China Bets on Panda to Take a Bite Out of Land-Use Emissions (and Reduce Poverty)

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By Molly Peters-Stanley

The voluntary carbon market may not by itself  generate the volume of emission reductions necessary to slow climate change, but it does act as an incubator for market and project innovations. That's why China – long criticized by some for its refusal to commit to binding emission cuts at home while simultaneously cashing in on carbon credits for those reductions it does make – is building a network of voluntary environmental exchanges and energy-intensity pilot schemes that it says will serves as a testing grounds lay the groundwork for a more unified stringent compliance scheme.

A cornerstone of this effort is the Panda Standard, China’s own domestic third-party standard for voluntary emissions reductions (VERs).  It was introduced to the international carbon community at last year’s Copenhagen Climate Summit. Since then, founders China Beijing Environment Exchange (CBEEX), Winrock International and BlueNext have been developing the standard’s specifications and methodologies for agriculture, forestry and other land use (AFOLU) projects.

Land use generates more than 20% of all greenhouse gas emissions, which is why the Copenhagen Accord explicitly recognized the need to develop schemes that reduce emissions from deforestation and forest degradation (REDD).  Schemes that reward good land stewardship make it possible for industrial emitters to reduce their carbon footprint by saving forests and promoting sustainable agriculture – a key selling point in China.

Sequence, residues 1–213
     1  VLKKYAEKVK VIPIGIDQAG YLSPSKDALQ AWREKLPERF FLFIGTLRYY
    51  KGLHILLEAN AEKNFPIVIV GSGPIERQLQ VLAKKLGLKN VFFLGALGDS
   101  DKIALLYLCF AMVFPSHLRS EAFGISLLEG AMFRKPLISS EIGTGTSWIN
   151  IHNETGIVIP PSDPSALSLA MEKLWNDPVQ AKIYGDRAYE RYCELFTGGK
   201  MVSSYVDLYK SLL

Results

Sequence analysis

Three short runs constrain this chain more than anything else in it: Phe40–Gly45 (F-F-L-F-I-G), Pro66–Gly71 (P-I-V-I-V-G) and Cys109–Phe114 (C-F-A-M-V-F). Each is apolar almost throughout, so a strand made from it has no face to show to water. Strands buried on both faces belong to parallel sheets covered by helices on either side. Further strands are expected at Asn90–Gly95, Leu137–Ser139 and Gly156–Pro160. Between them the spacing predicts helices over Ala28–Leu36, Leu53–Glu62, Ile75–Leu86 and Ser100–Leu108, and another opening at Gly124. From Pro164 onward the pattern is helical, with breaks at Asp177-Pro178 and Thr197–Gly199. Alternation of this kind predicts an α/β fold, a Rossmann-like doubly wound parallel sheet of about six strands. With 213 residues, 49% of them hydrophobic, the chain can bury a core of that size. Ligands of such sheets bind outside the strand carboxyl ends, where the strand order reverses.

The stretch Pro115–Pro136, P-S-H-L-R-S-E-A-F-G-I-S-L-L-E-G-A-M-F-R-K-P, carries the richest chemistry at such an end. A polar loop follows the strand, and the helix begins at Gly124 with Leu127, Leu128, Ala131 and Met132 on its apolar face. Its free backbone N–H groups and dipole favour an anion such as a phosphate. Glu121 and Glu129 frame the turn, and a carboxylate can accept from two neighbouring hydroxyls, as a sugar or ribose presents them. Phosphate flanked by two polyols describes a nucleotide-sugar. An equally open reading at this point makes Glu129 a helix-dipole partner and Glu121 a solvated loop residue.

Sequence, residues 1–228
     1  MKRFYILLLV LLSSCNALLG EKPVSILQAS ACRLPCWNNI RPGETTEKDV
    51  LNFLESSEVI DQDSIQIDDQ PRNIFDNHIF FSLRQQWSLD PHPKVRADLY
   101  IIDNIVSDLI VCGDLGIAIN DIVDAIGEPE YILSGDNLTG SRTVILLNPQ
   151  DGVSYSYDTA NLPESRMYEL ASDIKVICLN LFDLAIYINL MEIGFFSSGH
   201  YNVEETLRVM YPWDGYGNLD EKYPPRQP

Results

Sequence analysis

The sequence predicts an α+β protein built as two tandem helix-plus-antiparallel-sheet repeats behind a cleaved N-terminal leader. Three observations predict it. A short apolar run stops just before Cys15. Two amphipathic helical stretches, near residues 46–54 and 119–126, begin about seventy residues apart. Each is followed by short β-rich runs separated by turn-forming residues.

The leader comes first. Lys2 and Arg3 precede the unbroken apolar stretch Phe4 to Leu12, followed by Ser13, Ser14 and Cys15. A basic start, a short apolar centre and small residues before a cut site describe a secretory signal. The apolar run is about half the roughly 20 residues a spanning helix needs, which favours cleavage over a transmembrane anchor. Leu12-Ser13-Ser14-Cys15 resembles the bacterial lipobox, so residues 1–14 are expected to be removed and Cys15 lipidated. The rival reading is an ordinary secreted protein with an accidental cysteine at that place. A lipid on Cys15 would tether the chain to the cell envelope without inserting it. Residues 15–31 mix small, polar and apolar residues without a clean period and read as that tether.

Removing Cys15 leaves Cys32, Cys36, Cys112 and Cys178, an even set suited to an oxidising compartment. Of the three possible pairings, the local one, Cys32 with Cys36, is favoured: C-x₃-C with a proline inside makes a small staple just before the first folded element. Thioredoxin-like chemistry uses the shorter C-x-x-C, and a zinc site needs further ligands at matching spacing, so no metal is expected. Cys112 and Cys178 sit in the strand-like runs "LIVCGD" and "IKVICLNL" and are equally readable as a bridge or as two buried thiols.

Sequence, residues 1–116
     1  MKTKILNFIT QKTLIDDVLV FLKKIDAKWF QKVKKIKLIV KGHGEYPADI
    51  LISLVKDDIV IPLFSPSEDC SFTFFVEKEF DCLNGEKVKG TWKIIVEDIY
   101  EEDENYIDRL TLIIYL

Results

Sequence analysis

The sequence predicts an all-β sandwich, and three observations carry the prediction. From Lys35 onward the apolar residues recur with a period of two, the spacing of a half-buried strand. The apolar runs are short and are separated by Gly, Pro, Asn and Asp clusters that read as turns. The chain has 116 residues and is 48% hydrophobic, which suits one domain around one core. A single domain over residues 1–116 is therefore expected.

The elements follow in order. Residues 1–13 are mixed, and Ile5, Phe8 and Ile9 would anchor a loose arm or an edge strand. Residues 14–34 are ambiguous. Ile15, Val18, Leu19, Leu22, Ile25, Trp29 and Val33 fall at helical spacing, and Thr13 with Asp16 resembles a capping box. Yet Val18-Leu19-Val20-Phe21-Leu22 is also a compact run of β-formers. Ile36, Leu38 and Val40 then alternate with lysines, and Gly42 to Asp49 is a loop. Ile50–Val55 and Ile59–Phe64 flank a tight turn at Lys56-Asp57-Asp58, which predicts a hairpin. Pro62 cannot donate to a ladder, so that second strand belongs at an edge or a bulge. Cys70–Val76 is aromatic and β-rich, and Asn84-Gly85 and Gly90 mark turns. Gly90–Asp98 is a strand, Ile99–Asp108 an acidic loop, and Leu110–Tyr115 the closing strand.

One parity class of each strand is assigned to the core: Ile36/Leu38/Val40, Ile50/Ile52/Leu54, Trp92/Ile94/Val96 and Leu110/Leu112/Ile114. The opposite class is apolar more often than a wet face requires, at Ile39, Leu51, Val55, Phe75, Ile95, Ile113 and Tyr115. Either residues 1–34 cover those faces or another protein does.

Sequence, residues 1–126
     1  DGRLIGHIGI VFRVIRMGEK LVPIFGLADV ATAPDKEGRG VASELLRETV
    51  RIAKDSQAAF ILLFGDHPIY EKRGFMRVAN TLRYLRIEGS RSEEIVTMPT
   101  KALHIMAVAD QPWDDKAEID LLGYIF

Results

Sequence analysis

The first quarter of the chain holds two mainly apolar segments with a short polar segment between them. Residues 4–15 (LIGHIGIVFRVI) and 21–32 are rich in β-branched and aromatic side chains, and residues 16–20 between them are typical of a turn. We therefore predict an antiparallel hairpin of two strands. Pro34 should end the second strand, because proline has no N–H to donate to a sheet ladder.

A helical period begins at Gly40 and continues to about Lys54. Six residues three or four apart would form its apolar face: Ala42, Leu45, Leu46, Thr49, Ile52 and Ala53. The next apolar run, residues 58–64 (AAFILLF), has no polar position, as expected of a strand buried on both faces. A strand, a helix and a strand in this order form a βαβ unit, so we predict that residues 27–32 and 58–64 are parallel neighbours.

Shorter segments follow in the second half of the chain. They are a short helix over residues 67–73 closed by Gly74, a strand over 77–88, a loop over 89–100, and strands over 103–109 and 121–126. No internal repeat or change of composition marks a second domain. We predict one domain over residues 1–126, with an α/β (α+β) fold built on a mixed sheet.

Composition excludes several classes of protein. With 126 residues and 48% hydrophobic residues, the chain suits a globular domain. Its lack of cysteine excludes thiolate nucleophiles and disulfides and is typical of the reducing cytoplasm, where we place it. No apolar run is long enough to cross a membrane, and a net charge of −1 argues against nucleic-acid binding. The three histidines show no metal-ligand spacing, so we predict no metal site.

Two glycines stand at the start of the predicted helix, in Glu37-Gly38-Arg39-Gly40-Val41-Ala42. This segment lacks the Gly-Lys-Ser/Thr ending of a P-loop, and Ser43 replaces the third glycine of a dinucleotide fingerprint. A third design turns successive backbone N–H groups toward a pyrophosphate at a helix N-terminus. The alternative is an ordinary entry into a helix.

Charismatic Carbon Cravings

Winrock International is responsible for developing the Panda Standard’s AFOLU standards and methodologies, and Nicholas Martin is the company's Chief Technical Officer.  He recently took part in a workshop with the standard’s Technical Committee and other Chinese agriculture, grassland, forestry, and carbon project experts to hammer out Panda’s AFOLU specs, and says AFOLU projects were singled out because of their perceived link with development – which dovetails nicely with China’s desire to pair poverty alleviation and carbon emissions reductions.

“The Panda Standard is positioning itself as a new voluntary standard that not only generates high-quality credible emissions reductions but also helps China meet its objective of addressing poverty in rural areas, and specifically a new stream of revenue flowing from urban to rural areas, from east to west,”  he says.

Geography played a role in the decision to focus on AFOLU, he saysnotes. Martin explains that larger corporations in China’s industrialized east – some of them already CBEEX members – may in the future feel compelled to reduce their footprints while mirroring the government’s social commitments.

Regarding the link between AFOLU and narrowing geographic disparities, Martin describes a wealth of opportunity for reducing degradation and restoring grasslands and concludes that AFOLU projects are seen as “a way to create new revenue for herders and farmers, particularly in the rural areas."

This emphasis on development is driven by the Panda Standard’s engagement with Chinese stakeholders, including China’s National Development and Reform Commission (NDRC) and State Forestry Administration.